Finding joy in the season

I’ve spoken to a number of people who suffer from holiday fatigue, worn out by the demands of our season of giving. What has traditionally been a time of peace, reflection and honoring the shift from longest night to brighter days is now über LED lit. The story of the holy family finding refuge in a stable and the birth of a baby who would be the embodiment of God is heartwarming, evoking rich, nostalgic memories. Growing up in Heidelberg, Germany during  Weihnachten contextualized the celebration of Christmas Eve within the tradition of Advent. The preparation, a month in advance with ceremonial lighting of candles, fasting and stories leading up to the celebration of the birth of Jesus gave Christ Mass substance and historical and spiritual flavor. Gifts were part of the festivities but the mystery of the incarnation thrummed in the background. While I didn’t spend much time thinking about it as a child, the scent of frankincense and flickering candles cast a spell that hymns and priestly incantations wove like a warm blanket to ward off winter’s chill.

Now we are not young, our myths are in tatters but a germ of kindness, of love remains. As Eric Fromm says, the means (consumer production) has become the end. Armand Baker has posted a lecture on Fromm’s The Art of Loving which affirms love in life rather than in possession. The theme of mature love will be explored more fully in another post.

In researching advent traditions I discovered The Advent Conspiracy and made contributions in the name of my family members to people none of us know who need fresh water. Living water, another Christ motif. I am reminded that this is the season of endings and beginnings. Remembering loved ones in holiday’s past can bring love and sorrow together. If we are blessed to have the experience of a loving family, our gratitude can lay the foundation for hope, health and the capacity for innocence throughout our lives. The inner baby remains intact.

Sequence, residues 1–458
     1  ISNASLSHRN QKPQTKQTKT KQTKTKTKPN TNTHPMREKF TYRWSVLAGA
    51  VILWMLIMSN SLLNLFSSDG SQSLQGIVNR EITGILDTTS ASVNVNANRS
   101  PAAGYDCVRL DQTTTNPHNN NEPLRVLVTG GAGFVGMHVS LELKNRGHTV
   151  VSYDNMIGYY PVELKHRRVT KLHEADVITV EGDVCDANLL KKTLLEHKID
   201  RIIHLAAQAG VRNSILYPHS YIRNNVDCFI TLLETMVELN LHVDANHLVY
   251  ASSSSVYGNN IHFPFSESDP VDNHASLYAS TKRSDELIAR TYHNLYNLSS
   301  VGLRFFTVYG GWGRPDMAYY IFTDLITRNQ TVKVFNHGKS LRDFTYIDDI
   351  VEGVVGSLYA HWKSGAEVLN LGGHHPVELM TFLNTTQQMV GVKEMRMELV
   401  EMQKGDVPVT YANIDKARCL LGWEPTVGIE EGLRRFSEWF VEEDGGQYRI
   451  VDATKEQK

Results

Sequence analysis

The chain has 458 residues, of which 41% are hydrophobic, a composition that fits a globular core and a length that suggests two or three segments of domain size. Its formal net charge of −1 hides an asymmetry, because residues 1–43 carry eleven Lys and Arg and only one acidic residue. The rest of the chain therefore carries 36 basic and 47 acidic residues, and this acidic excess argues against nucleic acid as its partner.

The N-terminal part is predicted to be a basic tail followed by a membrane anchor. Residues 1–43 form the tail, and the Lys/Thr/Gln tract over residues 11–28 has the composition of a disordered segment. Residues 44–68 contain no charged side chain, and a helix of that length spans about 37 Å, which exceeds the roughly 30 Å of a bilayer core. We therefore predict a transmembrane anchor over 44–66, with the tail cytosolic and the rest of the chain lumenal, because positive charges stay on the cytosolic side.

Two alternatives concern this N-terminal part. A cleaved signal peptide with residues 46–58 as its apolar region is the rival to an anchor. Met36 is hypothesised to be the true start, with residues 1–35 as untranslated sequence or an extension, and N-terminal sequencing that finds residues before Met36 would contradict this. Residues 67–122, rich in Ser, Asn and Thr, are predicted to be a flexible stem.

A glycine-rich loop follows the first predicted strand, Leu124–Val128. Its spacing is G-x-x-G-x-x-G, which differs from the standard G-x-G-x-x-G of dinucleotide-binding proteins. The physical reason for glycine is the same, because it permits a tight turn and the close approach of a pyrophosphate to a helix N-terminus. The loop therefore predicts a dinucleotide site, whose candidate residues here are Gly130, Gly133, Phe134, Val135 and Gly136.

Having just watched Ricky Bobby in Taledega Nights praying to the baby Jesus, the solution seems simple. This is the time for us to be quiet, to listen for the return of the light and to keep our inner baby happy. As we celebrate the child who fulfilled a promise of spiritual renewal, so should we take the time and care to love the baby in each of us. Just as fresh water is a gift to quench the thirst of those who need it, loving the baby in every pair of eyes we meet, be they human or animal can generate spiritual warmth in this chilly holiday season. Wishing you all the peace and happiness your baby self can enjoy.

San Antonio Christmas and sauntering down 1826

It’s always nice to be with family for a traditional Christmas dinner. Our hosts, my sister Lucy and brother in-law Bill are beyond gracious. Growing up in a military family with a European mother and living oversees made me a world citizen before I knew I was American. In the last few years I’ve understood how much honor and courage means to me. It takes courage to face the ups and downs, the battle of life. Generally I prefer a more aesthetic approach, but one rises to meet challenges with grit, a quality I learned at home. Missing Aurora, who traveled north to Buffalo for a white (and frigid) Christmas, we were warm but not as bright.

The tables turned to more down home fare at the Salt Lick, as I meandered out to meet my sister Carol, Mike (my other brother in-law) and Dick, in from California and up for ribs. Holy smoke, I believe it has expanded threefold (like my waistline) but the food is still authentic and the people friendly. Except in the parking lot, where the feeding frenzy prompted snapping carnivores to lose some holiday cheer. We got our cheer back at the Duchman Family Winery (formerly Mandola’s) where we sipped some reds and whites, and split North and South. It’s probably clear to most who venture into this blog that I’m “big on Austin” but honestly, where else can you drive out in the country for great barbecue, enjoy the rolling hills and fields, cypress creeks, vineyards, an ass or two and Barsana Dham, a Hindu temple? The evidence speaks for itself. I hope you stay merry through the New Year and into 2011!